In Defense of Discrimination

The English language is under attack and in danger of becoming unfit for communicating the nobler sentiments of life. An example of this is the word discrimination, which has been transformed into an expletive by certain people in this country whose parochial agendas are being advanced at the expense of our ability as a nation to communicate effectively. It has now become habitual when making a charge of racial prejudice simply to accuse a person of "discrimination," as if that means that the conduct in question is ipso facto wrongful or illegal.

While there is a line of judicial decisions that finds unlawful discrimination where there is evidence of something called "disparate impact," the traditional view of the courts, found in cases like McKennon v Nashville Banner Publishing Co. (1995), is that the law will properly concern itself only when it discovers something called invidious discrimination. The American Heritage Dictionary of the English Language, Fourth Edition, 2000, defines invidious as: "1. Tending to rouse ill will, animosity, or resentment: invidious accusations. 2. Containing or implying a slight ..."

When we offer someone a slight, we act out of ill will -- either with an intent to injure them or a willingness to see them injured. When such action arises out of racial prejudice, or some other socially proscribed motive, the law seeks to prohibit the conduct. However, conduct that discriminates on the basis of objective facts rather than internal motives has not traditionally been considered illegal, and this distinction is easily understood if we stop to consider the historical meaning of the word discrimination.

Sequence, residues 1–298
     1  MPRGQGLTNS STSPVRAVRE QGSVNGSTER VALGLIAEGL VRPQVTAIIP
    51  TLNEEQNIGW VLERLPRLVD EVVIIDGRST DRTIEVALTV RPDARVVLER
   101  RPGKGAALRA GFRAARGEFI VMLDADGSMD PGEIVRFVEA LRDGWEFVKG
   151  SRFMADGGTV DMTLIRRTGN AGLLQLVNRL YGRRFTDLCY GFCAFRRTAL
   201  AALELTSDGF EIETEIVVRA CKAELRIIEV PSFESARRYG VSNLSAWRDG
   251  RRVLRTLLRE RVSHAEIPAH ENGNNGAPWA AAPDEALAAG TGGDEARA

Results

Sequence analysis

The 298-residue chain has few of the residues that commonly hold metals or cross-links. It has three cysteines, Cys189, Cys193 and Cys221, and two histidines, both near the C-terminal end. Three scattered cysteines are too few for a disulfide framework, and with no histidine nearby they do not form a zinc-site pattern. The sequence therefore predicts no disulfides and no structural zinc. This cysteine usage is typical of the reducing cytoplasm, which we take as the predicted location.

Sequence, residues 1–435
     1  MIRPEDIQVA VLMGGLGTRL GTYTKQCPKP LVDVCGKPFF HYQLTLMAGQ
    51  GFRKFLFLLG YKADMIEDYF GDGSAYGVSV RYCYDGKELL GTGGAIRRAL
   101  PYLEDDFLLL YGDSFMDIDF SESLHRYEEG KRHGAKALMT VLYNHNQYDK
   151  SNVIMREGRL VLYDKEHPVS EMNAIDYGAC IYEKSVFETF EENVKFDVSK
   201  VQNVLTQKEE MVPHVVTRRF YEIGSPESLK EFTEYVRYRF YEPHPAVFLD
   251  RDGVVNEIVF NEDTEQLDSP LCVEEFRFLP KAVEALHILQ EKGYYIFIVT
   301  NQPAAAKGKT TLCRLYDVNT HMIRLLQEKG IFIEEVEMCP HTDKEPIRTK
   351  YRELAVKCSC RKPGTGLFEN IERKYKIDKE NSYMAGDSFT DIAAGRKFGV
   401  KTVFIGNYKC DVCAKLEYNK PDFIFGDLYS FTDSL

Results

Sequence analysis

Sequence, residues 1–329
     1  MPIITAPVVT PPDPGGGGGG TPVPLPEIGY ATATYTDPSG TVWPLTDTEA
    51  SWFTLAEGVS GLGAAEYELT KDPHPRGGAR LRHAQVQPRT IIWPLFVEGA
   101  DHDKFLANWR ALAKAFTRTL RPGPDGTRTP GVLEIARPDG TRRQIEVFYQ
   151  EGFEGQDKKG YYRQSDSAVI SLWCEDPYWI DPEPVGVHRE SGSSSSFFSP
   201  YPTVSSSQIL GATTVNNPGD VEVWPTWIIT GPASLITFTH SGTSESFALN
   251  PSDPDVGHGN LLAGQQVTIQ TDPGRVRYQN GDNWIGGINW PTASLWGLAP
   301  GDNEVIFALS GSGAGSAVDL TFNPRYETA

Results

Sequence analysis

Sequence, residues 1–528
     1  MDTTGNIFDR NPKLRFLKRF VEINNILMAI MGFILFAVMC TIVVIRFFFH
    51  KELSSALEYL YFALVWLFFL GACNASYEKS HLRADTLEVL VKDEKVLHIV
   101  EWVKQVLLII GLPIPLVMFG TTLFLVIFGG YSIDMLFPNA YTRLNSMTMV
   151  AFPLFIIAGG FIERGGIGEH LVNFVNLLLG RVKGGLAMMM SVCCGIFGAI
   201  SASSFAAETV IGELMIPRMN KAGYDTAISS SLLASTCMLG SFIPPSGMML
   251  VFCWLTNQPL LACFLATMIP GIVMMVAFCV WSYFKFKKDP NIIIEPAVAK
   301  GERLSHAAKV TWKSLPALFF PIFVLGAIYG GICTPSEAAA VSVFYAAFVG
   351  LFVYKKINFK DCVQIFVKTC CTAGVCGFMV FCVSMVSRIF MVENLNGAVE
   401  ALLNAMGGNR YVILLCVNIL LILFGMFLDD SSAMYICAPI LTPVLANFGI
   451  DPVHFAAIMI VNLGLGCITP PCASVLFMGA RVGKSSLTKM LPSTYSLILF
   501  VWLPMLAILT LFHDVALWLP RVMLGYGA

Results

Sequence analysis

Traditionally, discrimination has been used to denote discernment, the ability of a person to distinguish between things that are different.  It comes from the Latin discernere -- to sift apart or separate -- and it worked its way into English as: (1) "the cognitive process whereby differences between two or more stimuli are perceived,"  WordNet, Princeton University, 1997; (2) "the ability or power to see or make fine distinctions; discernment," The American Heritage® Dictionary of the English Language, Fourth Edition, 2000.

Nowadays, instead of conveying such admirable traits as discernment, judgment and clarity, the word discrimination is most often used in public discourse to signify some form of socially reprehensible bias. This blatant misuse of the word has become so pervasive that it has now been officially codified in our reference books, which in recent years have come to define discrimination as: (1) "Treatment or consideration based on class or category rather than individual merit; partiality or prejudice: racial discrimination; discrimination against foreigners." The American Heritage® Dictionary of the English Language, Fourth Edition, 2000; and, (2) "unfair treatment of a person or group on the basis of prejudice." WordNet,  Princeton University, 1997.

It is more than a little ironic that a word traditionally used to denote noble character traits has now been transformed into a word that communicates ignoble characteristics.  The debasement of this lofty word is actually symptomatic of a general shift in public discourse away from thoughtful forms of expression and towards a propagandistic use of language that is demagogic in its impulse and totalitarian in its effect.